If you feel an imbalance in a certain area of your life, the next thing to do is to look into remedies you can introduce at home and observe how they make you feel. Adaptogens, an ayurvedic remedy, are gaining traction in the West as a way to balance our hormones by adapting to your body and its needs and can help get us through a sticky patch while we get our lives in order. The important thing to note here again is that this isn’t the fix-all that we may want it to be, because holistic medicine is not a one-size-fits-all approach, but more a means of understanding yourself as complex, ever-changing, and one with the world. Start by researching adaptogens that might help you with something specific you’re experiencing. You could try shatavari tea for balancing pitta or supporting your reproductive system (including periods or menopause) or amla powder for a vitamin C boost or if you’re feeling dehydrated.
Finally, although it’s OK to take adaptogens in small doses of your own accord, it is always better to work with an ayurvedic doctor for specific tinctures and more potent herbal remedies. And if you’re feeling particularly out of whack, it may be time to consider a panchakarma (ayurvedic detox) in conjunction with a vaidya (practitioner). This is a faster route to unraveling the actions that have brought us out of balance than just integrating ayurveda slowly.
A Hormone-Balancing Ayurvedic Ritual For Every Time Of Day Work towards healthier habits with ayurvedic-inspired rituals that take 10 minutes or less. We know our hormones play a significant role in many aspects of our health, and we’re always looking for ways to balance them.…
How to Cleanse…the Ayurvedic Way Cleansing is a ritual practice steeped in tradition. While modern-day cleanses such as juice fasts or elimination diets abound, an Ayurvedic cleanse is anything but modern. Individuals have been following this cleanse for hundreds of years. While many options exist,…
5 Things Everyone Gets Wrong About Using Ayurveda To Heal Digestion
Ayurveda is gaining prominence in the mainstream, as yoga becomes increasingly popular, and fashionable eateries serve turmeric lattes (aka Golden Milk) and bliss balls (aka Ladoos). That said, many people in the West are still confused about this ancient philosophy and how to integrate it into their everyday. Since launching this site and talking to people about Ayurveda, I’ve found that people often have a lot of misunderstandings about what ayurveda actually is. Here are the top five myths, busted:
1. It’s a “woo-woo” fad…
Ayurveda is a health system that originated in India 5,000 years ago and is still used to prevent and cure disease in South Asia and around the world, keeping our minds, bodies, and spirits balanced. While Eastern medicine, including ayurveda, is often dismissed as “less serious” than Western science, it has stood the test of time, with tried-and-tested guidelines designed to treat each individual as a whole within their environment rather than treating symptoms alone, not looking at root causes. But mental, spiritual, and digestive health—central to Ayurveda—are now being explored further in the mainstream, and science is starting to measure the benefits of practices like meditation. Ayurvedic doctors, or vaidyas, go through intensive education and training, completing a bachelor of ayurvedic medicine and surgery, offered by several universities in India. It’s also interesting to know that some medical doctors train as vaidyas.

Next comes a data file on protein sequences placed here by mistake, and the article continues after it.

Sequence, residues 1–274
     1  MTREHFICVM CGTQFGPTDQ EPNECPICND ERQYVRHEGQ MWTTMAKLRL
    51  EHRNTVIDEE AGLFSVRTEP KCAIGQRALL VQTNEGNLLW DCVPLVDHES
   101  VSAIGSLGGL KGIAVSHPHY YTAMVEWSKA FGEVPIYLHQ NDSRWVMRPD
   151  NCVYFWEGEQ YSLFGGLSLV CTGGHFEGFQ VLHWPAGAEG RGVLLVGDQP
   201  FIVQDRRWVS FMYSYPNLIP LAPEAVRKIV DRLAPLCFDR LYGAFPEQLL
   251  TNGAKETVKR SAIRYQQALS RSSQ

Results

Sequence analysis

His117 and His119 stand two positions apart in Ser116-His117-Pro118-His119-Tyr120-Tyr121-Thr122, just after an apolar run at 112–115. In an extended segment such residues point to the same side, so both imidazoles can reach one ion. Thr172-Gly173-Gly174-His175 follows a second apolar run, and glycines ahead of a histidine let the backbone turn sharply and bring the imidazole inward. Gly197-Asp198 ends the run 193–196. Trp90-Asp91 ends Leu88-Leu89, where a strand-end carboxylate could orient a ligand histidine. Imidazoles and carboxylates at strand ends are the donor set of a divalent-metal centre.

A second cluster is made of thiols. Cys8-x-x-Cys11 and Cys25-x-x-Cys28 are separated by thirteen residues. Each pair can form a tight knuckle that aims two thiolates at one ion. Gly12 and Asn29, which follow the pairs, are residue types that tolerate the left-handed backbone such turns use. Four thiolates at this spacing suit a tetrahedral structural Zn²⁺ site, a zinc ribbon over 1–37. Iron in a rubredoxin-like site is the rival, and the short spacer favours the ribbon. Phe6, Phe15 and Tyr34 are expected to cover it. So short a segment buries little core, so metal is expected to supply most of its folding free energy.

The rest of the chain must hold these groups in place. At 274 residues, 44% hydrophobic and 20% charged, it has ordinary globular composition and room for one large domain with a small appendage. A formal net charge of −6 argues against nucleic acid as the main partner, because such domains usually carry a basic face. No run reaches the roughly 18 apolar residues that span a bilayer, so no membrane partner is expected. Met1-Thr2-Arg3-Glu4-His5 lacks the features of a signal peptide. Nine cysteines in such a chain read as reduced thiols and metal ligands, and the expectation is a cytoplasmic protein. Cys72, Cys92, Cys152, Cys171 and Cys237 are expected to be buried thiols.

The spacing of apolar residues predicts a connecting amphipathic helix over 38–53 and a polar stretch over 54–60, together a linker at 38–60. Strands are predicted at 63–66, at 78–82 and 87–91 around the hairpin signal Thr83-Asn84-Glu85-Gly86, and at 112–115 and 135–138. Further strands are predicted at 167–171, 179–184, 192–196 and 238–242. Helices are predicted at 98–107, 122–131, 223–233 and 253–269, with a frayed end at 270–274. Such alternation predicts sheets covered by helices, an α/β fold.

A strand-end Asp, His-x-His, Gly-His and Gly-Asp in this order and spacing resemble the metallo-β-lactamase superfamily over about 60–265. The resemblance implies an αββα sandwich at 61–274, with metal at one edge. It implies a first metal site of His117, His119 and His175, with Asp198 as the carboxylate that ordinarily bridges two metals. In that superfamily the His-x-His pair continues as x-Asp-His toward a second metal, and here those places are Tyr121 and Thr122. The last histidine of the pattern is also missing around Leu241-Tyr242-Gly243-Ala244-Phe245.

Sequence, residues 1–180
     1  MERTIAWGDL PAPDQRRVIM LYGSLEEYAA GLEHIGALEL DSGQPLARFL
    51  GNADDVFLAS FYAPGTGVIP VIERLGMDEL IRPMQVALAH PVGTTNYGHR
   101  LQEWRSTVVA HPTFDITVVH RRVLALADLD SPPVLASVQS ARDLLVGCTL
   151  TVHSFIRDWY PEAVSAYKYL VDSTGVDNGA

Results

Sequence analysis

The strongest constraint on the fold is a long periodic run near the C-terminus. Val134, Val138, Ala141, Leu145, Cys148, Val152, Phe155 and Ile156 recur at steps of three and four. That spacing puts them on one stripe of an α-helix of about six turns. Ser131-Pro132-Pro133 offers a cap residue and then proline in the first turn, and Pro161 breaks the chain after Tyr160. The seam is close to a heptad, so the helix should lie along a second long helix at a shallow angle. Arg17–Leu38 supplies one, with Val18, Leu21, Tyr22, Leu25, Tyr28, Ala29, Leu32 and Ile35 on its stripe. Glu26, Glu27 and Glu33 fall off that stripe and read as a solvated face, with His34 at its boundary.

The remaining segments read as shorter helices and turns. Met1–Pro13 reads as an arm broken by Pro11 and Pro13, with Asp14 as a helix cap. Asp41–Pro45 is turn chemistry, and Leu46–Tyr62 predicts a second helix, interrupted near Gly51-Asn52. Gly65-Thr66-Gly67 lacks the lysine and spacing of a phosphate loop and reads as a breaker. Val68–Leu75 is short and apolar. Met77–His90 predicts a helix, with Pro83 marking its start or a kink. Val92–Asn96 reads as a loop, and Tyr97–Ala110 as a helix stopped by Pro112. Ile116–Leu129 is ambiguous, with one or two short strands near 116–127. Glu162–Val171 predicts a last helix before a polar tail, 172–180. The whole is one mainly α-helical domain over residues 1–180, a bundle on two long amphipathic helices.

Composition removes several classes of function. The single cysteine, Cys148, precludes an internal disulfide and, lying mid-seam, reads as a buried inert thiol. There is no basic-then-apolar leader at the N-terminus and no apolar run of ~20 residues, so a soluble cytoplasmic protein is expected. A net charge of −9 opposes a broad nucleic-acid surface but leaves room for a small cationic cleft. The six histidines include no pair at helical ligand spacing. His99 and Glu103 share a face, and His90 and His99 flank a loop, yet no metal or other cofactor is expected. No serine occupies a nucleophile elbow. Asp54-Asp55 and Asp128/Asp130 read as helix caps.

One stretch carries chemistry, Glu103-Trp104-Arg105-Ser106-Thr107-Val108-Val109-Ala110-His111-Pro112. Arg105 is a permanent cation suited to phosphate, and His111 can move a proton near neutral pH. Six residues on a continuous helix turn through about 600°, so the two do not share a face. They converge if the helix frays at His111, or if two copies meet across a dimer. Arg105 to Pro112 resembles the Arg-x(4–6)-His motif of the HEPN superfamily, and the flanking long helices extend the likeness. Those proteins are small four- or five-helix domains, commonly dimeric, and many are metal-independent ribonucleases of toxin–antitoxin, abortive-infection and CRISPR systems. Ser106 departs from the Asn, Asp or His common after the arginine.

2. It’s impossible to integrate into a Western lifestyle…
Ayurveda is a nurturing, never punitive, system. The best way to integrate it into a Western lifestyle is in manageable increments, so it’s not so intimidating. Integrating a few principles slowly might feel like the right amount for you, or you might find you want to delve deeper. Ayurveda is an extremely personal “science of life,” so you can make it your own once you understand the basic principles. You could start by following the circadian rhythms of the Earth more closely, that is going to bed before 10 p.m., waking before 6 a.m. and eating your largest meal between 10 a.m. and 2 p.m., when your digestion is at its strongest—or you could add a meditation and/or yoga practice into your everyday.
As for the food, people often assume that ayurveda is clean, raw, and vegan. While many of the well-being trends that have become familiar today (e.g., herbal supplements, massage, almond milk…) are all aspects of ayurveda, it’s all about balance. So if you choose incompatible combinations or eat certain foods at unfavorable times, there are always additions, remedies, and substitutions you can use to make it more digestible. Ayurveda is primarily vegetarian, with a place for dairy foods, but meat is also understood as medicine, so for those who are undernourished or overstressed, slow-cooked meats in soups or stews are necessary. Flavour-wise, ayurveda is all about comforting, easy-to-make, and digestible food (favouring well-cooked over raw) filled with nature’s cabinet of herbs and spices, focusing on the six tastes (sweet, salty, etc.) to ensure you are getting a broad spectrum of nutrients. Food is to be eaten mindfully; that way you find even the subtlest dishes deliver rather than relying on rich, extreme-flavoured food made with only the palate in mind rather than digestion.
3. It’s a one-size-fits-all system…
In the West, we have a linear way of looking at things and putting everything into neat boxes. We did the same with ayurveda when more people in the West became aware of it in the 1960s. We missed a lot of the point, especially concerning the doshas; ayurveda understands that not only is every person unique but people and their environments constantly evolve depending on countless factors. That’s why looking at well-being in a more holistic way makes sense—one man’s medicine might be another’s poison. Ayurveda works intuitively, using our five senses to understand our needs rather than break things down into their chemical constituents. What this looks like in practice is the dosha system: Everyone and everything in the world is made up of a unique mix of three doshas, or energies, each of which has a dominant element: vata corresponds to air, kapha to earth, and pitta to fire. Each person has a certain mind-body type as their “natural state,” typically with one dominant dosha, but we each have a bit of all three, and each has the potential to be heightened depending on circumstance, which makes our “current state.” Ayurveda caters to each person according to their unique characteristics in a supportive and flexible way.